Wednesday, September 9, 2015

Hello again.

I hate saying goodbye.

This might come from living a highly mobile life from an early age, or perhaps it's because I value stability and continuity -- two things that many of us in today's global society lack. Maybe it's because many of the goodbyes we've said happened too soon and we weren't ready or prepared for them.

-A year ago I lost both grandmothers within a few months of each other.
I was not ready to say goodbye.
-Last month our home was robbed and jewelry, mementos, electronics, and DVDs were taken.
I was not ready to say goodbye.
-Five years ago this fall our toddler son died of cancer.
I was not ready to say goodbye.
-Five years before that my husband lost his dad to a rare disease.
We were not ready to say goodbye.

This is why I avoid goodbyes. They remind me of the big things I've lost that I wasn't ready to part with.

A few years ago I read a book entitled Praying Our Goodbyes. The basic gist of it is that with each new transition in our lives there is something we lose as well as something that can be gained. Each goodbye contains within it the seeds of something new and fresh. Basically, with each "goodbye" there is a "hello." Many of us are really good at seeing the loss in each life transition. (Sometimes that's all I can see!) But how do we reframe our lives to see the coming newness? How do we train ourselves to see the possibility and the gift within each closed door? Each of us experience many "goodbyes" over the course of our lifetime, and most of the time we aren't prepared for what we lose. Perhaps there is no sure way of preparing ourselves. But what we can prepare ourselves for is the "hello."

Here are a few of my "hello's" in no particular order:

Andre, our third child. He's pretty amazing.
Graduate school in a new city.
Friends in the child-loss community all around the world.
Deep friendships with people who aren't afraid to talk about their $#%t.
A strong inner life.
Knowing my own mind.
Unexpected joy.
Growing fearlessness.

What about you? What has been the "hello" within your goodbyes? What might you be called to view with new eyes?


Sewing Mom said...

I guess I've never thought about it. I suppose that you're right...there are hello's with goodbyes...but maybe sometimes they take longer to find...or sometimes we don't welcome the hello's as readily because they're no easier to embrace than the goodbyes(if that makes sense). I guess the real question is, do I like rollercoasters?!?!

Rebecca said...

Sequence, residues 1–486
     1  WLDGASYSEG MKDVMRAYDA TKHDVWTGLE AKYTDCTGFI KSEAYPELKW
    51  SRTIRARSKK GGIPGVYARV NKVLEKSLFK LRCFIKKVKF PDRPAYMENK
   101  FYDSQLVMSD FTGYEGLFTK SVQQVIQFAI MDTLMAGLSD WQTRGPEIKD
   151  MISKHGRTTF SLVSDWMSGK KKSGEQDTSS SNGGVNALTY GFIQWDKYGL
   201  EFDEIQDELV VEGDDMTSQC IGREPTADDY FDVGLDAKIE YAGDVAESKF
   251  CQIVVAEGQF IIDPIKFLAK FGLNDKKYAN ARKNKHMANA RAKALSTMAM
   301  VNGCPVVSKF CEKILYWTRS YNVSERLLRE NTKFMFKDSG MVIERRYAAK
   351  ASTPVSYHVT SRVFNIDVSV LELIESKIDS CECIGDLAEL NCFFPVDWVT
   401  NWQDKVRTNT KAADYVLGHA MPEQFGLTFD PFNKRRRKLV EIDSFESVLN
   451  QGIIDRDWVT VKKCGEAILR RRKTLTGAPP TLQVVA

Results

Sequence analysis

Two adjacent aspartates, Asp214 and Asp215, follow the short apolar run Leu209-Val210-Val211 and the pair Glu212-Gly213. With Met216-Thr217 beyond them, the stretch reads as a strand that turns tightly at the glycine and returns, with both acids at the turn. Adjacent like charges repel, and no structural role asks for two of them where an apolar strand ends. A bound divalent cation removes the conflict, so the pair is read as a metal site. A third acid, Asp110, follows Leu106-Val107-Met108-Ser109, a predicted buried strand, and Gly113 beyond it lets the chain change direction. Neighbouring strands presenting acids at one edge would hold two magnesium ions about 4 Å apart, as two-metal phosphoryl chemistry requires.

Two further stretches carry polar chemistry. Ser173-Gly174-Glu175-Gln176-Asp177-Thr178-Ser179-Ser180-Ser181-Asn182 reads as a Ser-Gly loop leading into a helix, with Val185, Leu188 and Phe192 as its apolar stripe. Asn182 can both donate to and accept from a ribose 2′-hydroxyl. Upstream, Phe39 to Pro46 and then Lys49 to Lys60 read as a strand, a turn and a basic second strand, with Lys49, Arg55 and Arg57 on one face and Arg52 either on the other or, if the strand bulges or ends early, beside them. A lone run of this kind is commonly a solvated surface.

oh my goodness, yes, you've named it! I think the hellos are harder to discover and are harder to see because of the pain of what we've lost. Sometimes we don't want to take the new gift because it's a way of protesting. Or at least that's the way I feel. Roller coaster it is!

carol longenecker hiestand said...

being able to be with someone in grief without offering solutions. Presence...I doubt I did this really well before healing from my own losses.

Unknown said...

So I may not be able to get my thought across.

In both times of loss and when one of my strongest of desires is not met I have found myself considering my reality past this life. Because there I count this loss no longer being lost, and this desire no longer lacking fulfillment. My personal negative physical, emotional, and et al. response that I have in my loss, in my desire, is often working within a false framework. I am tricked into thinking in my loss, "I will not have that again." I am tricked into thinking in my desire, "You will always feel the distress of not having 'it.'" (That last part is what I'm not sure I can get across well. The rest I have to say is "duh" material).

It is precious when I receive the grace to ponder within the life-that-is-to-come; the then, when the experience of the sweetest moments now lost will not only again be lived, but outlived; the then, when the experience of my deepest desires being fulfilled will not only be lived, but outlived. And even still the then will be more that this.

To be honest, in some of my losses, most poignantly in the loss of loved ones, I have been hard-pressed to find many "hello" moments that follow. But now that you mention it, I could put on a list inner-strength. I could put on a list a deeper appreciation for the breadth and depth of Jesus'Gospel and Kingdom. I could put on a list a fuller sense of thanksgiving. I think these are what we classify as intangibles?

Thanks for the conversation Rebecca

Rebecca said...

Hi Jonathan! I think many of these intangibles are highly formative - they make us who we are and impact our very tangible choices. I love your list as well as your experience of receiving grace to believe what is currently "not yet".

Rebecca said...

Carol, I think that the gift of presence is one of the best we can offer people! Truly, it is what Jesus gives us!

Unknown said...

Totally you are right.

Perspective is a wisdom only earned.

Unknown said...

And then, one person says earned while another, in the pain of the moment, says endured.